We loaded up and headed for PetSmart to meet the folks from Arizona Desert Rotties and Friends and young Houdini. Excitedly, we made our way to the back of the store where the available dogs waited in kennels and on leashes with volunteers. Looking anxiously for the hound, we checked all the crates but no hound. When we asked about her, the volunteer told us she’d been adopted. We were disappointed, of course, but then she pointed us toward an underweight brown dog in one of the kennels and told us that this dog had all the things Harley was looking for in a packmate: neutral to shy personality, female, medium stature, younger and with energy, but not a puppy. In short: a little sister.
This dog was thin, ribs and hip bones showing plainly under her bristly, dirty coat. She was obviously overwhelmed with all the visual and auditory stimulation. Her eyes were huge and round and nearly the same color as her coat, a warm, baked cinnamon. Her ears seemed too short for her head, bouncing in the sides of her head like a little girl’s pigtails. The black skin on the bottom of her snout curved from just under her nose to well her under chin and gave her the appearance of having a Keen sandal for a bottom jaw. Her breed? Our best guess was Boxer-Rhodesian Ridgeback.
She came out of her kennel and walked with Kathy willingly but cautiously. Kathy walked slowly toward us with this little brown dog. I did my best to remain calm, loosening my grip on Harley’s leash and giving him plenty of slack. I needed an honest evaluation from him, not a reaction to my uncertainty.
As Kathy and the dog moved toward us, I waited for the posturing that never came. Instead, he was curious. He moved toward Kathy and the brown dog casually but with purpose. There was something about her scent that drew him closer. They sniffed each other, head to tail, circling easily and without intensity. After a brief evaluation, they turned their attention elsewhere. The entire exchange lasted about 30 seconds. I smiled. She would be a great match for him.
Kathy looked at me and said, “Her name is Girly.” Seriously? “Yeah, they thought that was more creative than Girl, the name she’d been surrendered with.” We talked with other volunteers and got two different versions of her story. Girl was either an owner-surrender in Santa Cruz County or a stray who was found with two very young pups. Either way, she didn’t know her name and was clearly confused by all the activity around her. We spent nearly two hours in the store with her before we decided she was the one. Did it matter that she was the only dog we’d seen so far? Not really. When you find a match on the first try, who’s to question? Harley had accepted her as a packmate almost immediately. We’d made it over the first—and most significant—hurdle.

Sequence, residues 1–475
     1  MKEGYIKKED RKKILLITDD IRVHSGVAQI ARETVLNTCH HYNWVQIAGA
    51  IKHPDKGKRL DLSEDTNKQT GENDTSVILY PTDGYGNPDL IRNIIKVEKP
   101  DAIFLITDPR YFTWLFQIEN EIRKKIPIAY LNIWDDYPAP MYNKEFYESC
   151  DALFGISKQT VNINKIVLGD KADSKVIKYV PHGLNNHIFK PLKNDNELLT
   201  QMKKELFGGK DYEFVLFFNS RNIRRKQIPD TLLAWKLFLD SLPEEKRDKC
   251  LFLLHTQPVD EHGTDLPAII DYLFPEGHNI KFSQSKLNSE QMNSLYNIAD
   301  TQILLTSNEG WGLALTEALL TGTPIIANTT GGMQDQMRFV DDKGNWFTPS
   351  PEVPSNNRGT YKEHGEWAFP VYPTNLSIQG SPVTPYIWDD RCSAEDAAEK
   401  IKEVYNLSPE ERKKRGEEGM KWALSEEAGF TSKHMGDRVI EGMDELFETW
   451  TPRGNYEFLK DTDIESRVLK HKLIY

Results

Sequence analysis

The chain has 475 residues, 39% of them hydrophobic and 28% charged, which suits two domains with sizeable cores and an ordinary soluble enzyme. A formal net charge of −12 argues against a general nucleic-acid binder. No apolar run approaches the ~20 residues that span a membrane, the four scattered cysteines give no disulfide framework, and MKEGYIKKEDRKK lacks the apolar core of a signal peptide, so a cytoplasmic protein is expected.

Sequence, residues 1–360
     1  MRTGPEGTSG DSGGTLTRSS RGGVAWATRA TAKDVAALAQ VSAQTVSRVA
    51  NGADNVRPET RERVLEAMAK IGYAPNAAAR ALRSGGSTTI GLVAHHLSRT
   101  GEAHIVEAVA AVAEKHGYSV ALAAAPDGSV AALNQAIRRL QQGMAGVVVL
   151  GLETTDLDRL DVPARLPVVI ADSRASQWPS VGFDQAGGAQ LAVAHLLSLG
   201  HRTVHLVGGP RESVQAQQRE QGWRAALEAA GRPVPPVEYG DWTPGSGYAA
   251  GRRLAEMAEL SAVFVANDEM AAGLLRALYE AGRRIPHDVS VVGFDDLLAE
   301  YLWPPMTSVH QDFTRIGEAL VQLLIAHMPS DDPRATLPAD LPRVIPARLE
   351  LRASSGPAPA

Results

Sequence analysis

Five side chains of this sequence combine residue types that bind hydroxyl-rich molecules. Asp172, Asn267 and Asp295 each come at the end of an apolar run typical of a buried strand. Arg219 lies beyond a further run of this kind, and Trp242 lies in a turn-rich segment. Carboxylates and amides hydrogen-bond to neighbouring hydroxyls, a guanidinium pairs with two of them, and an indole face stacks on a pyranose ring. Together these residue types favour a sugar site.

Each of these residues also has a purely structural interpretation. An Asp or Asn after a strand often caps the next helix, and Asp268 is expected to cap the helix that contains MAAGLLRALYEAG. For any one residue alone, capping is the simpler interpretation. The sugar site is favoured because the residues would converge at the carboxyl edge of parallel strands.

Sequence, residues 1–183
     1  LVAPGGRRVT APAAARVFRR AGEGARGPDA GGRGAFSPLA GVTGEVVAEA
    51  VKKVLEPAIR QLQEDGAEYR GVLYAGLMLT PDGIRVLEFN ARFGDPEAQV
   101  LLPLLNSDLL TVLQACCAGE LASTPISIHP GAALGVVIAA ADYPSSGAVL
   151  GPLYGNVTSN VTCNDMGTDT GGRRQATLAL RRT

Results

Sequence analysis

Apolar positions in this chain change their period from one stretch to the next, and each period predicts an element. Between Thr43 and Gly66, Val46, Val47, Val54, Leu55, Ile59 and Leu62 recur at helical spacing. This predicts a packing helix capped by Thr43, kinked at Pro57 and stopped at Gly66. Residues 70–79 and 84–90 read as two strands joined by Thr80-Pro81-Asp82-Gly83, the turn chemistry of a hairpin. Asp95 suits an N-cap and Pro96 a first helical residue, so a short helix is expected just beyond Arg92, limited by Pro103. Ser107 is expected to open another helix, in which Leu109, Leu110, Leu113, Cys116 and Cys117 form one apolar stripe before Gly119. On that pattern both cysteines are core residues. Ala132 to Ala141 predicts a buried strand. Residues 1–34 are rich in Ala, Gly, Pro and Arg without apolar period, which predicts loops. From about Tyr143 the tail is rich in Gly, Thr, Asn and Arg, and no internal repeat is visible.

The first order of business was a name for her. Girl would not do. We tossed around some options before Kathy turned to me and said “What about Helen Gurley Burke? You know, like Helen Gurley Brown?” (Burke is Kathy’s last name) I had to stop and think about that one. Not too many dogs named Helen….But since I’d worked in publishing for 15 years, the name meant something to me, too. Finally, Kathy said “Helen!” to the back of Girl’s head and she whipped around instantly. We have a winner! Helen it is.
And she is a winner. She’s already picked up where Travis left off as my muse. She’s teaching Kathy and me things we never would have considered, like how scary it is to cross the threshold from the foyer to the courtyard or what a new experience the sights and sounds of the television can be. She’s done some pretty amazing things for Harley, as well, like reintroducing the joy of toys and how biting hocks can be very effective during tussle time. You’ll hear more stories about Helen’s journey and her effect on the pack. It’s too fun not to share.
But for me, it’s especially touching to watch Harley as his role changes to big brother. He’s accepted the role graciously and is doing a terrific job so far. Good boy, buddy. Good boy.